|8th Governor of Rhode Island|
May 1, 1811 – May 7, 1817
|Preceded by||James Fenner|
|Succeeded by||Nehemiah R. Knight|
|Born||October 8, 1753|
Newport, Colony of Rhode Island, British America
|Died||April 9, 1822 (aged 68)|
Providence, Rhode Island, U.S.
|Resting place||Swan Point Cemetery|
United States Marine Corps
|Battles/wars||Battle of White Plains|
Battle of the Assunpink Creek
Battle of Princeton
William Jones (October 8, 1753 – April 9, 1822) was the eighth Governor of Rhode Island from 1811 to 1817. He was a Federalist.
Jones was born in Newport in the Colony of Rhode Island and Providence Plantations, into a family of Welsh origin. His grandfather Thomas Jones (1691–1740) was born in Wales and settled in the Colony of Rhode Island and Providence Plantations. His parents were William and Elizabeth (Pearce) Jones. William was the fourth of five children.
In January 1776, at age 23, Jones was commissioned as Lieutenant in Babcock's/Lippitt's Regiment, which was raised in Rhode Island. By September he was promoted to captain.
The regiment joined General George Washington's Main Army at Harlem Heights in October, just after the battle; then fought in the Battle of White Plains; the Battle of the Assunpink Creek and the Battle of Princeton. In February 1777 he returned to Rhode Island.
On March 4, 1778, Jones was commissioned as captain of Marines on board the sloop USS Providence. He was captured at the Siege of Charleston in May 1780, was later exchanged, and served until the end of the war. He was probably discharged, along with most of the Continental armed forces, in November 1783.
By right of his service in the Continental Army and Marine Corps, Jones became an Original Member of the Rhode Island Society of the Cincinnati.
After the war, he became a justice of the peace.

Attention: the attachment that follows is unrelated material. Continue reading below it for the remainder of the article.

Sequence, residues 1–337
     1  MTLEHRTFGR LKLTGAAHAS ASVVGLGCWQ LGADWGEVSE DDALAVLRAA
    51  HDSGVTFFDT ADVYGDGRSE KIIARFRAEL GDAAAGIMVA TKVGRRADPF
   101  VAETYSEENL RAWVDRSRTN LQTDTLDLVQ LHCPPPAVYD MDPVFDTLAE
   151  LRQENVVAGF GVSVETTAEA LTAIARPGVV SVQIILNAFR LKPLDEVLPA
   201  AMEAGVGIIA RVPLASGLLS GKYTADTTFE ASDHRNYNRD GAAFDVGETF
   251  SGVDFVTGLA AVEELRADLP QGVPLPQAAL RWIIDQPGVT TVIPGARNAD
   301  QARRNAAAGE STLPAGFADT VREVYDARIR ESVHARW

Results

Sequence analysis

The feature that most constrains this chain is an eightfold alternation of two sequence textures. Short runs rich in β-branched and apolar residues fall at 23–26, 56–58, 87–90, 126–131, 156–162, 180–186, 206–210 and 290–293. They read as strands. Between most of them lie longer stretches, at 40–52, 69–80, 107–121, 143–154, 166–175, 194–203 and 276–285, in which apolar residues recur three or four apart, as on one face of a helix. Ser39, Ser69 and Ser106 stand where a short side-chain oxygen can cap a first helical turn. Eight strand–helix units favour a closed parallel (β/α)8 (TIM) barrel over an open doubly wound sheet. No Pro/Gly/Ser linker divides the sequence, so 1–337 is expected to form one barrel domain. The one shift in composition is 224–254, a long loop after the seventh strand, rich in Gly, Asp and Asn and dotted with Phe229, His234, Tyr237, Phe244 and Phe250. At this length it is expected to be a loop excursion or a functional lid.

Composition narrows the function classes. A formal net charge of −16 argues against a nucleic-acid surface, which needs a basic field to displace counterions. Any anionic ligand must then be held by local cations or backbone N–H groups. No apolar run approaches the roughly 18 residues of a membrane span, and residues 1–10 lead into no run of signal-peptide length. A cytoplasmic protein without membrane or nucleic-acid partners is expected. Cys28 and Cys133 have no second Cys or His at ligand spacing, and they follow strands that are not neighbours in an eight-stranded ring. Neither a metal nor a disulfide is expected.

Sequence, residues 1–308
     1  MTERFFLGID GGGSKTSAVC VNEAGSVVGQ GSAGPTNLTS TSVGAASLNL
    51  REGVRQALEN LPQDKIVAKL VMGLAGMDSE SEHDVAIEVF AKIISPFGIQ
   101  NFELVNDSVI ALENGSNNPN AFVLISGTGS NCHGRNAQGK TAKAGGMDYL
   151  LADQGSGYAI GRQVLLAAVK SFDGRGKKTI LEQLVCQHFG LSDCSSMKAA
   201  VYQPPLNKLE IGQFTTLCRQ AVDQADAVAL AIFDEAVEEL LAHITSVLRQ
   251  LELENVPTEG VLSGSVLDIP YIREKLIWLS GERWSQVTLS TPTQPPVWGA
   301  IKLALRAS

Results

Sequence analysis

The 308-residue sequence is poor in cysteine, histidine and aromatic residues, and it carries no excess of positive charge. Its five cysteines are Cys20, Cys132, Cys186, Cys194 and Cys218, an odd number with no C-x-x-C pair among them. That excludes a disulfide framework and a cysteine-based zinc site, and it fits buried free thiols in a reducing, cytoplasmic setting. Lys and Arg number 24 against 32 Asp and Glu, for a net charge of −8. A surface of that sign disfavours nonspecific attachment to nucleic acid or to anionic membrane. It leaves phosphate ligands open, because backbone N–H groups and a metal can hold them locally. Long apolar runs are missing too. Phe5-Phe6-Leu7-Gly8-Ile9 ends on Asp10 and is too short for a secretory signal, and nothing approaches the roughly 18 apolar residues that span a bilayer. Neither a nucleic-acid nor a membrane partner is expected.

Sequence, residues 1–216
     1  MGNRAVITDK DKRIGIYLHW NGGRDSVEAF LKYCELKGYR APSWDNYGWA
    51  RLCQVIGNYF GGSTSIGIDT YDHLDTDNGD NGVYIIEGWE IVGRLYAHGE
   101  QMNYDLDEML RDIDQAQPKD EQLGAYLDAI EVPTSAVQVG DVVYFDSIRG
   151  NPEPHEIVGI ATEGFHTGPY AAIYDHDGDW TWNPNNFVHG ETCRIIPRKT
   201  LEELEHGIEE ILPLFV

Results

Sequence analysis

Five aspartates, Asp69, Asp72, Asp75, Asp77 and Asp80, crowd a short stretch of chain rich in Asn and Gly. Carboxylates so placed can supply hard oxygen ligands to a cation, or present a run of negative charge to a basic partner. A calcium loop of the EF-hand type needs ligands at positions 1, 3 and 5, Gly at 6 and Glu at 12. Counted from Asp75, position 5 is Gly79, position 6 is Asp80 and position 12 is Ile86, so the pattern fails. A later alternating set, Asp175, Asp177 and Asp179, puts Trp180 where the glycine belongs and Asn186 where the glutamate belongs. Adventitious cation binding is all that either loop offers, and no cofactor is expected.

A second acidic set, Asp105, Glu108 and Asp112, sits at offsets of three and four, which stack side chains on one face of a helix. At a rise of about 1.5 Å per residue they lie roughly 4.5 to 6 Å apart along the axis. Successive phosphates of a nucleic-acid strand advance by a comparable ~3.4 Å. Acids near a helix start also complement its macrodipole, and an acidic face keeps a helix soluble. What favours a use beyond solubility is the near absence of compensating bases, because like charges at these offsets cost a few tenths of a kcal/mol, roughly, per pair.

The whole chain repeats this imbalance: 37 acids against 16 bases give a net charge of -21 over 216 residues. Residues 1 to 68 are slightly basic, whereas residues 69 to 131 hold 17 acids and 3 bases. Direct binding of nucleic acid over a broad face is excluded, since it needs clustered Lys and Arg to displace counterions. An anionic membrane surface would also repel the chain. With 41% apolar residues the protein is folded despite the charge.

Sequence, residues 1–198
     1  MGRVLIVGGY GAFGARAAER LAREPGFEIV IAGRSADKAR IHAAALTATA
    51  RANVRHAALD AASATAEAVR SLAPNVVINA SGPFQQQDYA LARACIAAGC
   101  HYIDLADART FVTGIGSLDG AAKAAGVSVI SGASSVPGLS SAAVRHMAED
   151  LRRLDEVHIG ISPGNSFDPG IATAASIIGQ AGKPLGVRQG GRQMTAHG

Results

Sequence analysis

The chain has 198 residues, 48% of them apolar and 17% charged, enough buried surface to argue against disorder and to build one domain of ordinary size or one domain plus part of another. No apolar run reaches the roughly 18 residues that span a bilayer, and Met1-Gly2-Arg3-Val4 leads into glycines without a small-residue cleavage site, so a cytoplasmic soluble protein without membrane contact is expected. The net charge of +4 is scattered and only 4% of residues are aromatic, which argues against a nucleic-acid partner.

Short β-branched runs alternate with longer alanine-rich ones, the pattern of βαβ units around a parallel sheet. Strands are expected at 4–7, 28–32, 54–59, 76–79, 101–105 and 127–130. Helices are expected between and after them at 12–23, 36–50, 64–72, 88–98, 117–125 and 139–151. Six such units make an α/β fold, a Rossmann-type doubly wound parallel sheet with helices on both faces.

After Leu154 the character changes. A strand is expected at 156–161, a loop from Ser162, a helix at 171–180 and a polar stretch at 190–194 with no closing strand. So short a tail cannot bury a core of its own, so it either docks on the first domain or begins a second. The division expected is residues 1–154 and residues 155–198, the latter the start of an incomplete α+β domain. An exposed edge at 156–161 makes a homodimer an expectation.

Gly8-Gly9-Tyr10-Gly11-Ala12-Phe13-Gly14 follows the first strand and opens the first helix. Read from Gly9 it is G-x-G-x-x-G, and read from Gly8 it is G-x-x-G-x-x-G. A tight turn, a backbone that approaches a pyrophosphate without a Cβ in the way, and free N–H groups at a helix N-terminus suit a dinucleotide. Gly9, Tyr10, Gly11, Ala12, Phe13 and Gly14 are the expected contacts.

Jones was elected to the Rhode Island General Assembly in 1807. He was Speaker of the Rhode Island State House of Representatives two terms, in 1809–10 and 1810–11. Jones was a Federalist and won the gubernatorial election against incumbent James Fenner in 1811 by just a few hundred votes. Jones opposed the War of 1812, considering the war unjust, and asserted his authority in using the state militia amid concerns about the defense of the coastline. Originally balking at the requirement of sending 500 troops for federal service, he nonetheless relented, and the troops served as part of the 25th Regiment, U.S. Infantry. He was re-elected five times, but having been defeated when seeking a seventh term, he retired from the public life. He was the only Federalist ever to serve as Governor of Rhode Island.
On February 28, 1787, Jones was married to Anne Dunn, daughter of Samuel Dunn, of Providence. He had one child, Harriet, who went on to marry Thomas C. Hoppin.
Jones nephew, William Henry Allen, was an American naval officer during the War of 1812.
Jones was the great grandfather of Rhode Island governor Elisha Dyer and the great great grandfather of governor Elisha Dyer Jr.
Jones was a member of the Beneficent Congregational Church, a fellow of Brown University, president of the Peace Society, and the member of the Rhode Island Bible Society. He was also elected a member of the American Antiquarian Society in 1813.
He was buried at Swan Point Cemetery in Providence, Rhode Island.